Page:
Take the Plunge: Works of Donna Jo Napoli and David Wiesner

The newest exhibition in McCabe’s lobby shines a spotlight on the works of Professor Donna Jo Napoli of the Linguistics Department and three-time Caldecott Medal-winning author and illustrator David Wiesner. In conjunction with the newly released “Fish Girl,” a collaborative work by Napoli and Wiesner, “Take the Plunge” features Napoli’s first draft of the manuscript of this graphic novel, original paintings by Wiesner, and notes between Napoli and Wiesner during the creative process. The exhibition also highlights some of Napoli’s other work, ranging from picture books to young adult novels, with drafts of the books and email exchanges between Napoli and various editors on display next to the published editions.
“About a year ago, Donna Jo [Napoli] told the library director Peggy Seiden about her new book ‘Fish Girl,’ and they discussed doing some kind of programming around it,” said Susan Dreher, Visual Resources and Initiatives Librarian at McCabe, about the process of organizing the exhibition.
Dreher worked closely with Napoli in this endeavour to set up the exhibition and schedule the book signing and writing workshop.
“There was a lot of collaboration with [Napoli] in terms of the materials and focus of the exhibition … Once the exhibition was installed, she and I walked around it together so she could provide contextual information on the materials, which I turned into the labels that are in each case. As for David Wiesner, we told him how many paintings of his we could fit in the space, and he selected the ones to be exhibited,” said Dreher.
“Fish Girl” is the first graphic novel for both Napoli and Wiesner and is also their first joint project. Napoli described the creative process behind this book as being far more collaborative than her previous interactions with illustrators, which were usually limited and conducted entirely through the publisher. This undertaking also involved a more visual approach than she was used to. Napoli, who had been friends with Wiesner for many years before working with him on “Fish Girl,” was first brought on board when Wiesner showed her his paintings of fish swimming inside houses, a mermaid, and an octopus while at her home. Wiesner had been painting these pictures for about 20 years by then, but he couldn’t envision a cohesive narrative, so he asked Napoli about it.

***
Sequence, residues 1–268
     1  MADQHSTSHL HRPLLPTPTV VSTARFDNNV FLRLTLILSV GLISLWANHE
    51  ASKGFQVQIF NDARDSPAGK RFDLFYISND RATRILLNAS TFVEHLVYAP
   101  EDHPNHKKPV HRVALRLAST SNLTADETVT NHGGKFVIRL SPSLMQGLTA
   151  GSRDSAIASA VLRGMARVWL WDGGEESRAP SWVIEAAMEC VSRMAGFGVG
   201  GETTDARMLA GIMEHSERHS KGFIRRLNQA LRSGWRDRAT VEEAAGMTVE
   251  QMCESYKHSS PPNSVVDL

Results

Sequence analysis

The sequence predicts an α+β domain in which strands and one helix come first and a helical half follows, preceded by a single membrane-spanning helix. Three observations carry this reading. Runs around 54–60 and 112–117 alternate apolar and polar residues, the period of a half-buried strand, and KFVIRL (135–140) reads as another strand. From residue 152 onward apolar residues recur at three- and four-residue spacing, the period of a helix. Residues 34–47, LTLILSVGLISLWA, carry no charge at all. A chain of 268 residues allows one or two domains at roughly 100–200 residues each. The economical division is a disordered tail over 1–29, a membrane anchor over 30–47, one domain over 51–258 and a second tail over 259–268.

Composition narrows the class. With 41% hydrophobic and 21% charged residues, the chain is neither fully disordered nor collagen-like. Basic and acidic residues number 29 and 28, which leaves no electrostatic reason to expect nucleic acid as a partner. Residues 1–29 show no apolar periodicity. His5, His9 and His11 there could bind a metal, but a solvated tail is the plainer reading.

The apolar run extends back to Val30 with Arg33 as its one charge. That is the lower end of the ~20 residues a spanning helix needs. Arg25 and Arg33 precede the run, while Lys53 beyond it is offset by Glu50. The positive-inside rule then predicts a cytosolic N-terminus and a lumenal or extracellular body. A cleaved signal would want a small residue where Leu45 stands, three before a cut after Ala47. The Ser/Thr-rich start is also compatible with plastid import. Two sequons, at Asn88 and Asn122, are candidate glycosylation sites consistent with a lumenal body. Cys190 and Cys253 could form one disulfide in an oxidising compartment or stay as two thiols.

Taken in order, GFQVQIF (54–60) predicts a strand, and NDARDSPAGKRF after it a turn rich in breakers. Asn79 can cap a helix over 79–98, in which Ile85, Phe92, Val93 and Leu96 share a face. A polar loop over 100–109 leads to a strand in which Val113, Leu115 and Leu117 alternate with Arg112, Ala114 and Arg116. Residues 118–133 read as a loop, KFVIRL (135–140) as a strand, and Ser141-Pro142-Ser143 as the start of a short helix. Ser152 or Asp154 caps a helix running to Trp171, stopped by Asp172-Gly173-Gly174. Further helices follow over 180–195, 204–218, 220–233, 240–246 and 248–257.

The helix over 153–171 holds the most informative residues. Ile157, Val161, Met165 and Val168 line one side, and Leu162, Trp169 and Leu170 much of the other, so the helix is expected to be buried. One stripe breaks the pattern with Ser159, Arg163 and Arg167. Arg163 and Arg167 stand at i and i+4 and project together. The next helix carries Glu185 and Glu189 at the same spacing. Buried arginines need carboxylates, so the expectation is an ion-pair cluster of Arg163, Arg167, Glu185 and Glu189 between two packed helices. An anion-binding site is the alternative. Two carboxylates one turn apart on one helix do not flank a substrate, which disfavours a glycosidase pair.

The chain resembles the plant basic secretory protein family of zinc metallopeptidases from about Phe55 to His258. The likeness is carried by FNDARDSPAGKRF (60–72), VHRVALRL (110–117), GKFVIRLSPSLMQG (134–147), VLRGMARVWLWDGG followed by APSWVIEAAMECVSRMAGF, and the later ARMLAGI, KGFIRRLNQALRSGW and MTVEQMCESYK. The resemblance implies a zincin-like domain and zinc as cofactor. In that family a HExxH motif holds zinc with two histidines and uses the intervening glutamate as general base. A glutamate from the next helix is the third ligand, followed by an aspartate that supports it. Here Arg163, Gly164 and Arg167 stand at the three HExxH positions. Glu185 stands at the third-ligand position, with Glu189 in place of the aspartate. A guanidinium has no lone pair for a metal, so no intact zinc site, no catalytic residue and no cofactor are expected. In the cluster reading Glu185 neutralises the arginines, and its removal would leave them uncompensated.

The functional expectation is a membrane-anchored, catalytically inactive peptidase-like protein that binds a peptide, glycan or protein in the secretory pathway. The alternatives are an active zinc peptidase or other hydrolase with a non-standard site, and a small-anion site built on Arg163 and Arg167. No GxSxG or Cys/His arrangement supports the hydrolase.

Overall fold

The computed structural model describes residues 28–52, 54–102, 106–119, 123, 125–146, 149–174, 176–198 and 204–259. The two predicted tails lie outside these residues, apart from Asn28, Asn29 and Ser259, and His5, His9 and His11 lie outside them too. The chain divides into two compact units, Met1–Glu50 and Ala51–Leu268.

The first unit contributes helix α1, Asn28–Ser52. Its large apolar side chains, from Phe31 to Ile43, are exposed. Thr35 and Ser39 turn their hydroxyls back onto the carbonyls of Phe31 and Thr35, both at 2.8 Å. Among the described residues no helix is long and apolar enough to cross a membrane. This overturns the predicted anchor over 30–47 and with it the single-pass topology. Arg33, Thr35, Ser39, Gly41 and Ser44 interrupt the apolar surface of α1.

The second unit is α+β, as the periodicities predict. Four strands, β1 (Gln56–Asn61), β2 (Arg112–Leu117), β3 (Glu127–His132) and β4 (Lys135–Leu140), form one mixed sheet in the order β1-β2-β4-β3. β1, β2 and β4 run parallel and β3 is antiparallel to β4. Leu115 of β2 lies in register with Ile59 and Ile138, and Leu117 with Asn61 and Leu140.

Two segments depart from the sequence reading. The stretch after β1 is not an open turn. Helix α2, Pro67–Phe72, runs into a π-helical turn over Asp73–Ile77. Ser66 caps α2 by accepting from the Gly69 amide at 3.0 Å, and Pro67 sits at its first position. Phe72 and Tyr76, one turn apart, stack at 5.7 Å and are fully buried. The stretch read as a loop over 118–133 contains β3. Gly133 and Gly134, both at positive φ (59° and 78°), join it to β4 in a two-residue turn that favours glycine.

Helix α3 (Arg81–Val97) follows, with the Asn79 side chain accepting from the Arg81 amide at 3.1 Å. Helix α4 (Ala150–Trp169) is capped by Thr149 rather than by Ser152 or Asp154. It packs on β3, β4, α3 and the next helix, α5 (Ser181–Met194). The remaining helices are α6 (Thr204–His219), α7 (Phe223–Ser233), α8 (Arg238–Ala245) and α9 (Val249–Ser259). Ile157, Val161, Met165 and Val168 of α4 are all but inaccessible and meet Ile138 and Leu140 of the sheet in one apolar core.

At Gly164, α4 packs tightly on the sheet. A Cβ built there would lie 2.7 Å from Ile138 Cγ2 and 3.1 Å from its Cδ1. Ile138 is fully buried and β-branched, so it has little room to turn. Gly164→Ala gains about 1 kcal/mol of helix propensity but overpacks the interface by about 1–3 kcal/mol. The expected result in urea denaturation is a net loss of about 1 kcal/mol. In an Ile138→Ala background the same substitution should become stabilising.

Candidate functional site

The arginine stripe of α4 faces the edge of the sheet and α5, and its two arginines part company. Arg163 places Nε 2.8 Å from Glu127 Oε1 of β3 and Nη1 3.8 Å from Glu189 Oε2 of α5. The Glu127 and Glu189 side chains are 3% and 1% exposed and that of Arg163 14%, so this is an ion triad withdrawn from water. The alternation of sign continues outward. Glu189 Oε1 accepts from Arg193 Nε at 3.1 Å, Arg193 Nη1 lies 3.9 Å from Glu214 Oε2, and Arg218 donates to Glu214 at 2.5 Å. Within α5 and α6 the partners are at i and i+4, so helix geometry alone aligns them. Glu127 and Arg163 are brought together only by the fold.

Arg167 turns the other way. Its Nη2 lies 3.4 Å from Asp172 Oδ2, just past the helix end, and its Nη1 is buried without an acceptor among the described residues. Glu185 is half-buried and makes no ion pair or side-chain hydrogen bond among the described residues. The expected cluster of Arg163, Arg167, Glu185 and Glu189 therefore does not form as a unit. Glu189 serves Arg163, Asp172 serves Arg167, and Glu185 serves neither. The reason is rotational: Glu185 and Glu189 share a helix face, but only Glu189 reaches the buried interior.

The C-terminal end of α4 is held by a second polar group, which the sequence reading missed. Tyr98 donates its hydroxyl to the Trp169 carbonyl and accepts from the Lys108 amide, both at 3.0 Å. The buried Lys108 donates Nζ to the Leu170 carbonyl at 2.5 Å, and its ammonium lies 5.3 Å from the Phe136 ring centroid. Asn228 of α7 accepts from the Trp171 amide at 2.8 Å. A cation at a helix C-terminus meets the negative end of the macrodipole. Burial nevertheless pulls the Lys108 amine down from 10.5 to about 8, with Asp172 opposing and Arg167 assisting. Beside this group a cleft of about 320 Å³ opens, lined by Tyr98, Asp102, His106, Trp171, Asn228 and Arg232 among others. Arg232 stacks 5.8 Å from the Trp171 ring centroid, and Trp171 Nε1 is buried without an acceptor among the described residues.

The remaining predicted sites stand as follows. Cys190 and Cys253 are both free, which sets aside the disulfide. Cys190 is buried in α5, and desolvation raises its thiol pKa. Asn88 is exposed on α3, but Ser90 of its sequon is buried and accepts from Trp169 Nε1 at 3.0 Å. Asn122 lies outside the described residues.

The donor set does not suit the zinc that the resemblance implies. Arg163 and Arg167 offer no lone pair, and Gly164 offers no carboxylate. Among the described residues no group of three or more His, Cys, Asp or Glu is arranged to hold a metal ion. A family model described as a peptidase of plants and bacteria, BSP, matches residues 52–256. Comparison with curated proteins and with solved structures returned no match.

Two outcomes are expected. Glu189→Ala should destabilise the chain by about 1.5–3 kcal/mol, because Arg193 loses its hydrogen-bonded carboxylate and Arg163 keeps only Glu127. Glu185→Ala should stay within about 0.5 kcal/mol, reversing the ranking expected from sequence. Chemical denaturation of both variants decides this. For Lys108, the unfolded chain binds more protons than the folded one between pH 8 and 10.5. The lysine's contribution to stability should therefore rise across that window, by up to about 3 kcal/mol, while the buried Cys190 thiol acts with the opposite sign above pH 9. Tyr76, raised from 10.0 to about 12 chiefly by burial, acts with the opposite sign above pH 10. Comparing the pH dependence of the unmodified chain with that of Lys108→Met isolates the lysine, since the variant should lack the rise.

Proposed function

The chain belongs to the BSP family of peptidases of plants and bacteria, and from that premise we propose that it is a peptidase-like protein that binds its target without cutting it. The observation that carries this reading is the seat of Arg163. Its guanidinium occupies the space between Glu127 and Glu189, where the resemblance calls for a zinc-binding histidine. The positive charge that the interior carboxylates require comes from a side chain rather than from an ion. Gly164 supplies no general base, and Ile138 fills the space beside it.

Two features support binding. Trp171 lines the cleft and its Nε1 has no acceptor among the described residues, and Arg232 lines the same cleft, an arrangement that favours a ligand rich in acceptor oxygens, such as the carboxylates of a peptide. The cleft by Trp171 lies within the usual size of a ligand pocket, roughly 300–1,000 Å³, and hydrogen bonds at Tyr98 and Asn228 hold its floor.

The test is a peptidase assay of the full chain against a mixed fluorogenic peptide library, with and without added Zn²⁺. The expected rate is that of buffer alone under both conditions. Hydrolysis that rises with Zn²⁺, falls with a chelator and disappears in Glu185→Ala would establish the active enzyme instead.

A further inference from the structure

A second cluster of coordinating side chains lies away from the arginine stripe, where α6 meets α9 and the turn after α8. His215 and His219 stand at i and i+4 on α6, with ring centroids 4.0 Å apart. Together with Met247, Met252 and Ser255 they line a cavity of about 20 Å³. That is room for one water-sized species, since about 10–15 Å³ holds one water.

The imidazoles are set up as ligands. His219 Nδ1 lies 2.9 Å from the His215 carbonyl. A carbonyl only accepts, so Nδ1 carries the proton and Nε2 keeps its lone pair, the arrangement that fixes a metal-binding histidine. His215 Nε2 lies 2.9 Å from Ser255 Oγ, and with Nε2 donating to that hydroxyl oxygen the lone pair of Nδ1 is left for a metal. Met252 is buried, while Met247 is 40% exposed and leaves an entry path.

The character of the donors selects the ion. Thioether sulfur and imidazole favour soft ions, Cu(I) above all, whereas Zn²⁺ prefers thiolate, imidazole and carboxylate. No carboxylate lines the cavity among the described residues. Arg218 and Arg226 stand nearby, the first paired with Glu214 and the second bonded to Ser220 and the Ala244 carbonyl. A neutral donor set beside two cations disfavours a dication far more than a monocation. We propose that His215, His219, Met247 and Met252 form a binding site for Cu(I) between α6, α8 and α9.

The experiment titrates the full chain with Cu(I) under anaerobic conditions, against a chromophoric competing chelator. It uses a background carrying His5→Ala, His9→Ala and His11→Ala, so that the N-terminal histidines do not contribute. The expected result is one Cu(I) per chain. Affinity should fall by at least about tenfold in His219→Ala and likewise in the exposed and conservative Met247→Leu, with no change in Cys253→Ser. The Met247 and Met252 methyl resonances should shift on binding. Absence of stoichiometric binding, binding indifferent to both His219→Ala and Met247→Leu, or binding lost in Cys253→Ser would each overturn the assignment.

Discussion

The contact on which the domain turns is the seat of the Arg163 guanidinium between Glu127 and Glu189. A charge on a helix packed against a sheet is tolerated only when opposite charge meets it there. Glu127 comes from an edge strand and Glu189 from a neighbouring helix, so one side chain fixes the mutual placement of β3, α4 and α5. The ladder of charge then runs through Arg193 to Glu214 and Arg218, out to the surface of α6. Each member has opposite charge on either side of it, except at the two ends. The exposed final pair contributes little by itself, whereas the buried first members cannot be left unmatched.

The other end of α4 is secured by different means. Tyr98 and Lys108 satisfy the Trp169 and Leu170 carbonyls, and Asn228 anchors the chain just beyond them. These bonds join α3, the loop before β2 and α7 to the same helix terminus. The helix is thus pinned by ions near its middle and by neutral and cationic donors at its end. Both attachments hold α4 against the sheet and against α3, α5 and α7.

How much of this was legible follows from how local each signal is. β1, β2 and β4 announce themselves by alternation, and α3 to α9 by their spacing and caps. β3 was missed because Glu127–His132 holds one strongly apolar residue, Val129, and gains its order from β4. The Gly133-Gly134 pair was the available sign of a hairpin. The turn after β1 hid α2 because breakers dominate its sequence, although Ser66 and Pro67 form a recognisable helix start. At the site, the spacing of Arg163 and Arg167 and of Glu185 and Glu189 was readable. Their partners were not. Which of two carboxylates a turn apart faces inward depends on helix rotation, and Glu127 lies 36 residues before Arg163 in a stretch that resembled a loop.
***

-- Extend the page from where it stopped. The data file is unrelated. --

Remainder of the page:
“He said [to me], ‘Do you see a story here?’ And I said, ‘Go away,’ and I sat with his drawings for awhile. And it took me a few months … I came up with this manuscript and gave it to him and he said, ‘This is it, this is what we’re going to do,’” recounted Napoli.
Napoli’s initial draft contained textual descriptions of how she imagined the pictures alongside the actual text that she wanted to include in the pictures, and Wiesner took it from there to create the graphic novel accordingly.
“David [then] had to block it all out, what went where, where did these words fit, what are all the pictures, and he wound up with more than 300 pages … That wasn’t possible. That would’ve been a book that cost $50 and you can’t ask the public to spend $50. So that was the most deciding moment,” said Napoli.
According to Napoli, the finished work retains much of the original narrative arc, and she worked closely with Wiesner in making the necessary cuts.
“We negotiated constantly and it was so much fun. It was really interesting,” said Napoli of the experience.